Formula can be fed, straight from the refrigerator, at room temperature, or warmed. If warming is desired, remove a bottle from the refrigerator and warm it in a pan of hot (not boiling) water for a few minutes, or you may also use a bottle warmer.
Test the temperature of the formula by shaking a few drops onto the inside of your wrist. It should feel warm but not hot.
NEVER USE A MICROWAVE OVEN TO WARM A BOTTLE! Severe throat burns have resulted due to the uneven heating that may occur.
Test Nipples Regularly
Testing nipples regularly will save time when you are ready to feed your baby.
Nipple hole should be the right size to help baby suck easily. When the nipple holes are the right size, warm milk should drip as rapidly as possible without forming a stream.
If nipple holes are too small, baby may tire of sucking before he gets all the formula he needs. If holes are too large, baby gets too much formula too fast, and may not get enough sucking to satisfy his needs.
To enlarge holes that are too small, use a white-hot needle. An easy way to prepare the needle is to put the blunt end in a cork and heat it in the flame of a match or a cigarette lighter.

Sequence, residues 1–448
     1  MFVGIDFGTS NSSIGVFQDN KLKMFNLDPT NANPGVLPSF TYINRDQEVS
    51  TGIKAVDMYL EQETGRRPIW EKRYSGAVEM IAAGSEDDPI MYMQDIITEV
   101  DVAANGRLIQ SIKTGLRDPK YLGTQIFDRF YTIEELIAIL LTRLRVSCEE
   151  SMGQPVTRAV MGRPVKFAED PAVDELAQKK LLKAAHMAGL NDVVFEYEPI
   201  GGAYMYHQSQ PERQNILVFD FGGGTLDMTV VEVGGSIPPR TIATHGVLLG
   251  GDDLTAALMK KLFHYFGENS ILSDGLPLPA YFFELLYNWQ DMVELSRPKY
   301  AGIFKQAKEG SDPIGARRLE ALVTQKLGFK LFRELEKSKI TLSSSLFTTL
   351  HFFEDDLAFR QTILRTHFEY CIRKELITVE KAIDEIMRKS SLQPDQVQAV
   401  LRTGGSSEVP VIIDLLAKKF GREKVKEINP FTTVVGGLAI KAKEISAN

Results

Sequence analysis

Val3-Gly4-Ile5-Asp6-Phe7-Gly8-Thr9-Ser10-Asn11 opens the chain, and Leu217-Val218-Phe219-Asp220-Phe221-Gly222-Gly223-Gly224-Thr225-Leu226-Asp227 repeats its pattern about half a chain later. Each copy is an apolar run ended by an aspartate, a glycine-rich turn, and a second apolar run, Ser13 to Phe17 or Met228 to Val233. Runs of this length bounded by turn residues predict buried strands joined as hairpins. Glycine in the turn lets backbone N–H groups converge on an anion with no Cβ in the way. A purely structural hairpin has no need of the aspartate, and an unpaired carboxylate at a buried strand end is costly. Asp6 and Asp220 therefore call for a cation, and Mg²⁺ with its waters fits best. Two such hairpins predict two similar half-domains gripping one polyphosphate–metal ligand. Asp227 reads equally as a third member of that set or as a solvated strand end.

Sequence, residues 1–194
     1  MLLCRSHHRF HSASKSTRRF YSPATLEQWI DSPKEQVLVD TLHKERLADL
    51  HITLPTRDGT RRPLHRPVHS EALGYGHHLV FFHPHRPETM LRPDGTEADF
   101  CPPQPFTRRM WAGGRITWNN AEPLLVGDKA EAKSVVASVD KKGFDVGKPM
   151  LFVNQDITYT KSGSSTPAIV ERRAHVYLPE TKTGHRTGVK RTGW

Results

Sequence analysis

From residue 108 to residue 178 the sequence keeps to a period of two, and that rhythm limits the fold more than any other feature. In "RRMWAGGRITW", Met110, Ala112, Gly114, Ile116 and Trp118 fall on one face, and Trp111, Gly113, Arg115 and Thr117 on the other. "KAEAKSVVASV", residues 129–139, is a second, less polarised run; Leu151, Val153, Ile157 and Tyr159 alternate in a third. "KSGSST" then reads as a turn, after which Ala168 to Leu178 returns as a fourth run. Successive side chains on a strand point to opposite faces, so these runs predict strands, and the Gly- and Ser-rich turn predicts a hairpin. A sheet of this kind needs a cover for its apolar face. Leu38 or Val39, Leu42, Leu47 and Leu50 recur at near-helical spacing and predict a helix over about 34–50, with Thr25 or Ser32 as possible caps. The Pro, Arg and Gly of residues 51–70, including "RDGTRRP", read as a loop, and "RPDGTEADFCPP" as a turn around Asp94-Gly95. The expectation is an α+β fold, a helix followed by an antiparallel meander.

Burping helps remove swallowed air. Burp or bubble him by holding him up right over your shoulder, and patting or rubbing his back gently. Or place him face down over your lap and gently rub his back. Baby can also be burped by holding him in a sitting position (baby leaning slightly forward) on your lap, with your hand supporting his stomach.
The size of the burp is determined by how much air the baby swallows, therefore a baby may burp very little or not at all. If he is happy do not be concerned if he did not burp.
After you have fed and burped your baby, place him in his crib. After bottle feeding, rinse bottles and nipples with cool water. Squeeze water through the holes of the nipples. Washing can be done later.